It is a Gulbransen, made in Chicago.
She was about 16 when her parents bought this for her.
She was a blessed girl with what seemed to be a fairly charmed life.
She did move a lot, but with in the same area as her dad flipped houses
before they made TV shows about it.
She was an only child, she played the harp and she had a
pet monkey Jerry.
Jerry was her best friend until she went away and spent the summer on Martha's Vineyard. When she got home he was very mad at her... their relationship never recovered and as her mother explained, Jerry needed to go live with the other monkeys.
That life changed dramatically with the death of her mother, followed by the death of her father before she was 21. She married my grandfather. They fell in love in school. She often said it didn't hurt that he would carry her harp to orchestra practice. My grandfather was like that, such a good guy.
My grandmother learned after her father passed away that she had been adopted. She had no one left to ask about this, her parents were gone and there were only a few distant relatives and one crazy cousin.
When I was pregnant for my first she told me how it was for her. No mother to ask questions, no "What to Expect When Your Expecting" and just her crazy cousin who had a bunch of kids and a bunch of crazy nightmare stories about birthing babies.
At that time I hadn't known that my grandmother was adopted.
I don't think she ever knew that some of us knew. She was guarded about somethings for her own reasons.
I can only imagine...
I look at this piano, a constant in her life. I remember how her fingers looked as she played, so soft and graceful. I loved to watch her play.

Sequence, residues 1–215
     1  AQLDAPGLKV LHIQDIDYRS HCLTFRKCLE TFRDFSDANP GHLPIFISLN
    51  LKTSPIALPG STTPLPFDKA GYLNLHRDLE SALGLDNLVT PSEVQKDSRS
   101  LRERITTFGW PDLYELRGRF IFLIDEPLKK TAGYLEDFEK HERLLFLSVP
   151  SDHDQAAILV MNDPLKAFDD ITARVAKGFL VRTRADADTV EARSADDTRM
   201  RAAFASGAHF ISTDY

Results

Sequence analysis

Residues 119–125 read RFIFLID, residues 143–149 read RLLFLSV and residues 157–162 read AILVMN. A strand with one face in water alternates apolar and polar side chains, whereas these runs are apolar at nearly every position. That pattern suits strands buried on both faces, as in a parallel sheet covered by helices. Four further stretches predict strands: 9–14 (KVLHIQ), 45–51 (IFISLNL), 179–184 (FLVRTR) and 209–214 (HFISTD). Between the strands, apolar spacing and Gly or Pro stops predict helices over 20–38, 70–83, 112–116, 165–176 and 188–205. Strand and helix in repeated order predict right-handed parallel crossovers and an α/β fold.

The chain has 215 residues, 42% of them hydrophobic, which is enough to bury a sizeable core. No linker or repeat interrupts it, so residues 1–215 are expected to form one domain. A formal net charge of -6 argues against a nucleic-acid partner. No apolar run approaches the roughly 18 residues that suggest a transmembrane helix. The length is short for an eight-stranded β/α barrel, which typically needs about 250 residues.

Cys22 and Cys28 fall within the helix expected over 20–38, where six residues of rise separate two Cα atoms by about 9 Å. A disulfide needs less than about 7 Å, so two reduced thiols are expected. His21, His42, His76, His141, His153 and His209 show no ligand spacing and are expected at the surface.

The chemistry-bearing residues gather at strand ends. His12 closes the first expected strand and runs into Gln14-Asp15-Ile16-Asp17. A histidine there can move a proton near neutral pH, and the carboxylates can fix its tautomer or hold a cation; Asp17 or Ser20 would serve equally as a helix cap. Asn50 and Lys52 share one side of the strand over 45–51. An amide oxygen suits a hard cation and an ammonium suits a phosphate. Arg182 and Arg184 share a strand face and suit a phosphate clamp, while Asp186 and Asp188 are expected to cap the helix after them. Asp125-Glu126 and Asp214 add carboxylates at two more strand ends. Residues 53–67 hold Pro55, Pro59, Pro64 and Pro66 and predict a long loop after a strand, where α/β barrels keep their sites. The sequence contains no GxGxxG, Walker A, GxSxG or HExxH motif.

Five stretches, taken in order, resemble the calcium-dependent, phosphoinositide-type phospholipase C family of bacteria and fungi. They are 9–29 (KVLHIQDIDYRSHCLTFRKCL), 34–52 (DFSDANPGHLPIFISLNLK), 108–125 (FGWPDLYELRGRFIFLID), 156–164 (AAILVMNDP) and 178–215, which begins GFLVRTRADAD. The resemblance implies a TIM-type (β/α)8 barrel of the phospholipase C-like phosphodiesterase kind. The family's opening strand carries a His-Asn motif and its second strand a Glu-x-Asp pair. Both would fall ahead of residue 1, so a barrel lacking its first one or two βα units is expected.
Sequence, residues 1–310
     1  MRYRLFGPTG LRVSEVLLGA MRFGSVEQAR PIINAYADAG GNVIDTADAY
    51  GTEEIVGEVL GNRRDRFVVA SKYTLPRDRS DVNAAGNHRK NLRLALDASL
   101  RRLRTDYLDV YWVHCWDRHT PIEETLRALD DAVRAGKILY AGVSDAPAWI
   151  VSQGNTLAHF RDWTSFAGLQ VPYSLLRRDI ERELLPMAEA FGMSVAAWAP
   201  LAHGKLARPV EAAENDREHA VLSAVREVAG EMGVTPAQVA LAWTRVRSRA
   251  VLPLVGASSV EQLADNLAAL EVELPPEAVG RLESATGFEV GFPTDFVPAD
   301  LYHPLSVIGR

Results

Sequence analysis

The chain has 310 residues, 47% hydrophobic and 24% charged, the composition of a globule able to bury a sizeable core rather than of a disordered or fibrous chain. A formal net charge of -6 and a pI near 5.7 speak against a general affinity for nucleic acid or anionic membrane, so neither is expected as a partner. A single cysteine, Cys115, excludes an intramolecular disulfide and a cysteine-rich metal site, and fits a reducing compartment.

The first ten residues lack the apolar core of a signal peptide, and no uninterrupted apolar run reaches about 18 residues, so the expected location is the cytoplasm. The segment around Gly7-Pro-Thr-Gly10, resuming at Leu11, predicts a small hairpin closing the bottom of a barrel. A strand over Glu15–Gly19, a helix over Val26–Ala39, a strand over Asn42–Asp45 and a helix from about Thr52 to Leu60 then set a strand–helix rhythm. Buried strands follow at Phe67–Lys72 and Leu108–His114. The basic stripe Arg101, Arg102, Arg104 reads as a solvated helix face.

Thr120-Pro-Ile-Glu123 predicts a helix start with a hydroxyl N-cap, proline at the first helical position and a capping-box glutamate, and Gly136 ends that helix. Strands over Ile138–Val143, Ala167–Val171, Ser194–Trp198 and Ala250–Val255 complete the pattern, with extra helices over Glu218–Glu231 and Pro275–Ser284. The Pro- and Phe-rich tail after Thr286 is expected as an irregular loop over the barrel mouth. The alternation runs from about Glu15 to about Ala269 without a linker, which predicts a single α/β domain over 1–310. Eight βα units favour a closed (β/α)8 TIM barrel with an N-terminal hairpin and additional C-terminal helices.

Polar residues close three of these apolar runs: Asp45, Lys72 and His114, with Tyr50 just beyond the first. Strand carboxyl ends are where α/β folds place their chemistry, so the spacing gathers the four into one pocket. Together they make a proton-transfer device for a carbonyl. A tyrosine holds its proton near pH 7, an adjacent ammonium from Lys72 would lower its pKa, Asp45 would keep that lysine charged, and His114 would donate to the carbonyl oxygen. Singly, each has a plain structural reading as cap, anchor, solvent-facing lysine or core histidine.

I remember sitting at that piano, I was 5. I just started Kindergarten, I knew the alphabet
but couldn't read yet.
That was good enough to learn to read music and my lessons began. Every Tuesday night until 8th grade. My sister and I went to piano lessons at our grandparents. She was a much better student than I.
My grandparents would have their afternoon cocktail with some tidbits. A martini for grandpa and Manhattan for gram.
We would watch candle pin bowling, have our lesson followed by dinner, usually Hamburger Helper (it makes a great meal, at least that was what I thought when I was a kid) then a little desert, usually coffee ice cream yummy!
I was a rebellious kid and often clashed with convention in my younger and teen years. My grandparents were all about convention and our relationship was strained. It wasn't until I started having children and making a life as an adult that I realized how much I am like my grandmother. I am blessed that she was able to see that before she passed away 7 years ago.
When we were building our house 12 years ago, she gave me her piano. I told her I would take it when we were ready for it. We built our house with the piano in mind, even putting a light in the ceiling in one corner to shine over it.
I never felt right moving it to my house and I didn't, until now. It would have left such a big empty space
in their home without it.
My grandfather passed away in February and the house is being sold, closing this weekend.
It was time.
This week it was moved and has taken it's place in my home and at some point has become mine.
My summer project, restore it to it's natural mahogany beauty. It had been painted white and antiqued at one time and then painted brown in the 70's. The piano movers couldn't believe what good condition it is in considering its age. They gave me some great info on refurbishing it.
I can hear my grandmother say my name when I sit there. She would say "Kristine" followed by a few tips or pointers, or sometimes she wouldn't say anything and just be there with me.
I miss her so much but I feel so blessed that I will always feel the connection to her through our piano,
the keys her fingers graced and the music we made.